WS07 – Time Passages: Honoring the Past to be Effective in the Present and Future
Effective clinicians draw on various sources of external knowledge to inform practice. One source can be found in the models of today which are popularized in numerous books and training opportunities. A second source is comprised of discoveries in fields such as medicine, education, philosophy, art, spirituality, and the sciences. Although these two sources provide a wealth of knowledge, effective practitioners also rely on a third source that not only serves as a foundation for practice but also informs treatment strategies. The third source is rooted in traditional psychotherapy theories and the contributions of early pioneers such as Alfred Adler, Carl Rogers, Viktor Frankl, Virginia Satir, and Milton Erickson. Despite their influence, the ideas and practices of these and other early innovators are becoming less and less a part of psychotherapy training, placing them at risk of being lost to each generation of new clinicians. The purpose of this workshop is to explore how psychotherapy’s historical roots and current movements, both in and around psychotherapy, intersect to form a comprehensive foundation of practice that serves as the basis for improving the overall benefit of therapy to clients.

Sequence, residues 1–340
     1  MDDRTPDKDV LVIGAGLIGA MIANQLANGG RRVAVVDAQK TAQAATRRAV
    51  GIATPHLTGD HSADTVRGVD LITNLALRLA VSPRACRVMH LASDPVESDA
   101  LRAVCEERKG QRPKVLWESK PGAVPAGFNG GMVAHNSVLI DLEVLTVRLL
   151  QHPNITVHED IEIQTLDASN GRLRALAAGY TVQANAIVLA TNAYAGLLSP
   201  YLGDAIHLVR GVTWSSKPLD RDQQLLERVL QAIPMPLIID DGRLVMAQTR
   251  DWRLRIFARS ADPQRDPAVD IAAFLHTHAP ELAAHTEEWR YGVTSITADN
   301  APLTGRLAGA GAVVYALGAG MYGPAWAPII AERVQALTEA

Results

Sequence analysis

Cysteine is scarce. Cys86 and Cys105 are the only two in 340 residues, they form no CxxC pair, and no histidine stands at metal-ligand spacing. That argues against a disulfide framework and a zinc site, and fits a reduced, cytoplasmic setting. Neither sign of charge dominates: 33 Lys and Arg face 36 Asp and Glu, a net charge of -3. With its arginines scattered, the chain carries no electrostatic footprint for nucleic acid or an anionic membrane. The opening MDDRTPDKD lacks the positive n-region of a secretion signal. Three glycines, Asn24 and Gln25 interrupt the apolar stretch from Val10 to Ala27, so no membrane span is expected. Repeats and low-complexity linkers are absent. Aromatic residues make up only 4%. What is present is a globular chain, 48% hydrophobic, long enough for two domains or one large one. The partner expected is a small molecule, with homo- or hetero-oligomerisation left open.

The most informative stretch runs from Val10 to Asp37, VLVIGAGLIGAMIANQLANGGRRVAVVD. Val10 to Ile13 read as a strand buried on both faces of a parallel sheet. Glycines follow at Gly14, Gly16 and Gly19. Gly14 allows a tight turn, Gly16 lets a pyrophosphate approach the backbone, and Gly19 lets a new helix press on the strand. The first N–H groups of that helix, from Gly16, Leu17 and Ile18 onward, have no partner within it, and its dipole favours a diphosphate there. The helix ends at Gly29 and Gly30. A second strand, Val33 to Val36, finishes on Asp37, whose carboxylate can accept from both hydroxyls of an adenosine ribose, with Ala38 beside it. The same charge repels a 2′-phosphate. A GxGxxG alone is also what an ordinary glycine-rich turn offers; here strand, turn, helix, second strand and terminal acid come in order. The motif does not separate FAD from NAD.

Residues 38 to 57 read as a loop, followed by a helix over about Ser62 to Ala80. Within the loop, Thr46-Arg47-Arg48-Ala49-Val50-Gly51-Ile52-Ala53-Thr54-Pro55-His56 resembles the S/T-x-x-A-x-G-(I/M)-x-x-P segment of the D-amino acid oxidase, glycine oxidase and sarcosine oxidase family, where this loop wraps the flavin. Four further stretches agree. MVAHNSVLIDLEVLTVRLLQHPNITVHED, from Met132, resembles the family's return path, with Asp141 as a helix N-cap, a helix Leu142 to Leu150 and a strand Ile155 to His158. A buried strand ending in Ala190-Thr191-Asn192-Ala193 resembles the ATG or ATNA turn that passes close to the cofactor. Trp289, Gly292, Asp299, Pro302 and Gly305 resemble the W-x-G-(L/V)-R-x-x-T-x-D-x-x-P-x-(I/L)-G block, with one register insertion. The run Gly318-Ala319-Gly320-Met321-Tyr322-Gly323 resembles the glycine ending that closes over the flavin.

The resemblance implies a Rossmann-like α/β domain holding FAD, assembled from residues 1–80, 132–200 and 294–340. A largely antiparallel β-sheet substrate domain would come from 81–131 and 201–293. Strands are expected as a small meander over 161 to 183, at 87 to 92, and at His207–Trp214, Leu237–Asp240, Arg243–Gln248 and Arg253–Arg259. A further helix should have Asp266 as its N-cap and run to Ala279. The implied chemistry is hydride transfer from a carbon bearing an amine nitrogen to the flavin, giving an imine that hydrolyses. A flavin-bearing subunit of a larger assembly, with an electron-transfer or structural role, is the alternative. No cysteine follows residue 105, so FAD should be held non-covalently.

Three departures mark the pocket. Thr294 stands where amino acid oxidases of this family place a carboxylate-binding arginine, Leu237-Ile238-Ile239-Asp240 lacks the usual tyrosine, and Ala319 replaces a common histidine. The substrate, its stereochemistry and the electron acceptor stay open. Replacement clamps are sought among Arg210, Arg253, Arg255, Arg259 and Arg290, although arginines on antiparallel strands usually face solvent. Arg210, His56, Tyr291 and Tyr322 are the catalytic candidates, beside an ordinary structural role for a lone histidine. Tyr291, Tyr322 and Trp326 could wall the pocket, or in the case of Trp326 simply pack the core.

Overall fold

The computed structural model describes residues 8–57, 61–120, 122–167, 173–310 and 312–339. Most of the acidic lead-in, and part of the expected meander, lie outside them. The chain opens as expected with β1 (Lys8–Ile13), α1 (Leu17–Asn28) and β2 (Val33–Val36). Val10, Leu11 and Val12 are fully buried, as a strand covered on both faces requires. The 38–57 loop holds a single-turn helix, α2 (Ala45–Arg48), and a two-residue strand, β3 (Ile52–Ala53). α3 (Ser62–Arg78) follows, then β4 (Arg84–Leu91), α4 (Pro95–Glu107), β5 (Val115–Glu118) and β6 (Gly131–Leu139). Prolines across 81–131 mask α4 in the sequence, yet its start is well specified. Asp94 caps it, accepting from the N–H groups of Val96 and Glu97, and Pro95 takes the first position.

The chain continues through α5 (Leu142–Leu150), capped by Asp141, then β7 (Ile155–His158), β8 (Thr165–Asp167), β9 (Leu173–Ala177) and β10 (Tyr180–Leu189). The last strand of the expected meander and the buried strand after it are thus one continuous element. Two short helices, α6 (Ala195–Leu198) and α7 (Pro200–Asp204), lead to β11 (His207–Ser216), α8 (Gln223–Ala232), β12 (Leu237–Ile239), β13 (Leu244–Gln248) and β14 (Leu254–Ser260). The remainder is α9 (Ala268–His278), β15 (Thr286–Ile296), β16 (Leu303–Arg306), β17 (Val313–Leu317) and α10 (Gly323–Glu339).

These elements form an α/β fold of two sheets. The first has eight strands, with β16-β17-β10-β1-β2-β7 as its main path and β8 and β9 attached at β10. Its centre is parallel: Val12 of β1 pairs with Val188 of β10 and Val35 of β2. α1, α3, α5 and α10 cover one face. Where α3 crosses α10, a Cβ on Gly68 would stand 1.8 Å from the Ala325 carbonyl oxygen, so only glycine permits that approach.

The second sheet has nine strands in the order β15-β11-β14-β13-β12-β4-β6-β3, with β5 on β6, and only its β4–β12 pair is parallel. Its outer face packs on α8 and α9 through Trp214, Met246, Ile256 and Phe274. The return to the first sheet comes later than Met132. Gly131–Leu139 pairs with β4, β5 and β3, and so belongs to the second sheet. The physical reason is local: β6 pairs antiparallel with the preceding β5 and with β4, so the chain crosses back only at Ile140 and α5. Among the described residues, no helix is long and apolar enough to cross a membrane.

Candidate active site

- List three sources of external knowledge that form the basis of effective practice.
- Describe two strategies to improve the benefit of therapy to clients.